Since their July 2014 launch, SkillLane has already signed on 70 instructors, 18,000 students and have recently raised an undisclosed post-seed round from Metaliq Growth Partners
There’s never been a better time in Asia for EdTech. According to GlobeNewswire, US$2.3 billion was injected into the education technology space last year, which has seen a 500 per cent growth since 2009. Suffice to say, startups in this arena have a lot to work with in terms of market opportunity within the region.
Besides 600 million K-12 students being based in Asia, which is 10 times that of the US, Asia is also the fastest growing eLearning market in the world. In fact, there has been a sharp uptake in deals going to self-paced eLearning companies, hitting US$1.07 billion in 2014, which is up $564 million from the previous year.
Thailand’s SkillLane is one startup in the self-paced eLearning space capitalising on this opportunity. At the helm are Titipong Pisitwuttinan and Ekachat Assavarujikul, two entrepreneurs that began putting the pieces of their EdTech company together while earning their MBAs at the Kellogg School of Management at Northwestern University. During their time in the US, they noticed that online platforms for professional and personal development were plentiful, but there resources were scarce in their home country.
“In the US, there are a lot of resources for people to improve themselves, but very few in Thailand. On Google, there are a few in Thai but a lot of Thai people don’t know English very well, so it’s hard for someone to learn new skills,” said Pisitwuttinan. “90% of people want to learn new things, to be better, have more income – but almost all of them don’t have the time to gain new skills. They have full-time jobs and are too tired to go to night classes. On the weekends,they spend time with their families so there’s no way for them to learn new skills.”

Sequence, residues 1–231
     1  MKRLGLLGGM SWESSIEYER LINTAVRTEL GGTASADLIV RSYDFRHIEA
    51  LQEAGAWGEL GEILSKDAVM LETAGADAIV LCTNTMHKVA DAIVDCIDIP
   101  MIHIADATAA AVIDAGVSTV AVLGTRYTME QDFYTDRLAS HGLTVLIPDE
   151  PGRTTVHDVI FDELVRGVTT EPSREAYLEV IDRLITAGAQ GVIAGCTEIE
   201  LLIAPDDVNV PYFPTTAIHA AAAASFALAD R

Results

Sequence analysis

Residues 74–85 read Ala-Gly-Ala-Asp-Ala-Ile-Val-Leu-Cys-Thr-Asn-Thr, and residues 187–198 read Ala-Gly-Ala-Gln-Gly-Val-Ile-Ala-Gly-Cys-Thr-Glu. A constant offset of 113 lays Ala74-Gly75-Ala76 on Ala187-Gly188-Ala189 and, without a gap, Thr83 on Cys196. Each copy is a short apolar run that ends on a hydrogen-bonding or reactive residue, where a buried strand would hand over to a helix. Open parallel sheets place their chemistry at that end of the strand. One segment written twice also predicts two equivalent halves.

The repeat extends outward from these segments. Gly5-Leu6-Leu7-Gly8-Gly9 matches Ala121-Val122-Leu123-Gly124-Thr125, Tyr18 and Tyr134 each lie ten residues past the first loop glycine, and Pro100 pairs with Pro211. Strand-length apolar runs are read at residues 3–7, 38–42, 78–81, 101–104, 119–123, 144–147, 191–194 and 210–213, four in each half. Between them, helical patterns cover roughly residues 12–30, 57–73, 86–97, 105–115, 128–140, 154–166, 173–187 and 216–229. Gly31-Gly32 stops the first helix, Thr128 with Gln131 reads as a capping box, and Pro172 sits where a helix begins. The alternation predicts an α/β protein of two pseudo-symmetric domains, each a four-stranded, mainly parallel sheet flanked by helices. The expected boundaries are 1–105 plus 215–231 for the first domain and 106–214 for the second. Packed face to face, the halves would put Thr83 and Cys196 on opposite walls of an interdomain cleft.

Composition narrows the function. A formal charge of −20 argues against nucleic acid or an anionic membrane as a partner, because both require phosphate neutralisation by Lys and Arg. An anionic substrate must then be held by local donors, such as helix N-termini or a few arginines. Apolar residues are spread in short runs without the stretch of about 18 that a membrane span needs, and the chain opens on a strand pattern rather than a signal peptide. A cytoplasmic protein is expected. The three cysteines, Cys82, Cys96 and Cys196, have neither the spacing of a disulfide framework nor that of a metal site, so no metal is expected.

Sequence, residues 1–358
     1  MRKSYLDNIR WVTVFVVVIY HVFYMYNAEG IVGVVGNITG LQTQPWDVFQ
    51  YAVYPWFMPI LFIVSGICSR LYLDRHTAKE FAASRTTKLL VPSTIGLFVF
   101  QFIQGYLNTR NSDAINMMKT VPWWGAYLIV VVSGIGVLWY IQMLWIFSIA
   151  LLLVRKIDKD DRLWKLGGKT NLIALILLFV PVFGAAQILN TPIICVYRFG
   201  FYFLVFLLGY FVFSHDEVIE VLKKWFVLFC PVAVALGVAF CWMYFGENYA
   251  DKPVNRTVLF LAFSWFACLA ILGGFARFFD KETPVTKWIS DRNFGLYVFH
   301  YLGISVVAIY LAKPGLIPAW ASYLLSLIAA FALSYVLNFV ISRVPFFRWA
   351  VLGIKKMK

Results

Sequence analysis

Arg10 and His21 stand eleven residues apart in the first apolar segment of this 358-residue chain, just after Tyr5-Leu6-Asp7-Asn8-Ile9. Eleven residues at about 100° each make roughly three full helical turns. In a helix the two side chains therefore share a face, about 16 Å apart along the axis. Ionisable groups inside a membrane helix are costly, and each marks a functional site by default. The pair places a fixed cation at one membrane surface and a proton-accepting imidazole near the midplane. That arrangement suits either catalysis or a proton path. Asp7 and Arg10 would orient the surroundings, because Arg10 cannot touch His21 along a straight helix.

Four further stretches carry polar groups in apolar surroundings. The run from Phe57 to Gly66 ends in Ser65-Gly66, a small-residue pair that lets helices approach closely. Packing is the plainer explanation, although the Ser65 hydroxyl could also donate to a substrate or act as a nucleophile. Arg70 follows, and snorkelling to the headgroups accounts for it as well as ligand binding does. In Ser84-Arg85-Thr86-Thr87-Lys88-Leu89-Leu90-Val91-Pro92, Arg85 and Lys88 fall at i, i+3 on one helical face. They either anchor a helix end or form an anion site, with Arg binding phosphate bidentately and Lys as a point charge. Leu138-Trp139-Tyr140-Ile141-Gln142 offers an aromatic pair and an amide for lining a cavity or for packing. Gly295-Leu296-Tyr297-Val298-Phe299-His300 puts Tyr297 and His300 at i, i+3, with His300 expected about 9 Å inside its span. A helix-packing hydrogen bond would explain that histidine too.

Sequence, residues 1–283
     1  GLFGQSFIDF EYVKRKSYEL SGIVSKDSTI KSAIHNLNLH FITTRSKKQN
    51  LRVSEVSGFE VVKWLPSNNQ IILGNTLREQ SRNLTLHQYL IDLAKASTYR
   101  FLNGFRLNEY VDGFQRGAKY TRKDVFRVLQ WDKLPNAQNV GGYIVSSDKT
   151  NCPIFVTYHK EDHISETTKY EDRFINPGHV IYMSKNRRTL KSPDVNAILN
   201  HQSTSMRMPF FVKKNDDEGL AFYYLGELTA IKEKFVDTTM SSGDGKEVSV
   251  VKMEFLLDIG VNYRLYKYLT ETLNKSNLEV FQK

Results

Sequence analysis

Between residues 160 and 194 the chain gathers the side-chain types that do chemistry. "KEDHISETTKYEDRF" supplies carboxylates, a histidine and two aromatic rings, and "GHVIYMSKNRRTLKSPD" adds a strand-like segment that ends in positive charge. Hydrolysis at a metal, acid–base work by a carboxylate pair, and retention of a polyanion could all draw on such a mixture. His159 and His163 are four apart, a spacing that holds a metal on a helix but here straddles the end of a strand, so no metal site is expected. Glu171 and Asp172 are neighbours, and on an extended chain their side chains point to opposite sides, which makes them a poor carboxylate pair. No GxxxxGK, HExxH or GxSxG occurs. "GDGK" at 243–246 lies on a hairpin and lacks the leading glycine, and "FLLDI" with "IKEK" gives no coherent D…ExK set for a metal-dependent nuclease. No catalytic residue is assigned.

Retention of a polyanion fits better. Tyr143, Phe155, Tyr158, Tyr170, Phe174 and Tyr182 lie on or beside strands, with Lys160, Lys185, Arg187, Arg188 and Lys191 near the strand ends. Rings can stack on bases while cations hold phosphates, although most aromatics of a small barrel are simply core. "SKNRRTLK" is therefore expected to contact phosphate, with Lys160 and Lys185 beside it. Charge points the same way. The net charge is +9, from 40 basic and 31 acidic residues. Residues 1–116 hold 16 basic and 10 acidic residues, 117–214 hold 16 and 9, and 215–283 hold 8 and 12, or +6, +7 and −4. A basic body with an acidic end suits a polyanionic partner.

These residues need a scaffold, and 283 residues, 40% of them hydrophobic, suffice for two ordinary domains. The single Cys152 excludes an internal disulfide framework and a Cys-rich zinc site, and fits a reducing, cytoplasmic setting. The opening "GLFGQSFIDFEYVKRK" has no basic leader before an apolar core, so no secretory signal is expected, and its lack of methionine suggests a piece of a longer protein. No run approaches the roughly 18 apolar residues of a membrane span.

Catering to the Southeast Asian culture where work-life balance is a high priority, SkillLane offers courses in bite-sized pieces so users can juggle their day job, social life and family obligations. “We are focussing on young professional segments of the market and have courses in five categories that tailor to that interest: Computer, soft skills, test preparation, entrepreneurship and investment,” said Assavarujikul. “An average courses is two to three hours and we divide that long video into smaller clips that represent one course chapter, and it makes it easier for students to learn.”
SkillLane works closely with instructors to create courses, from the program name, determining the target audience, to what the price and curriculum should be. They also collaborate with content providers in tailoring the courses for the Thai market.
Since their July 2014 launch, they’ve already brought on 70 instructors and 18,000 students just within Thailand alone. Operating on a revenue sharing model, courses on SkillLane range from THB$1,000 (US$30) to THB$3,000 (US$90) and a few success stories have already come through. While one student reported a promotion at work due to his newly-minted Excel skills, another said they were inspired by their entrepreneurship course to do their own startup.
SkilLane has also recently raised an undisclosed post-seed round led by Thailand’s Metaliq Growth Partners and has indefinite plans to expand into other Southeast Asian countries, possibly Indonesia.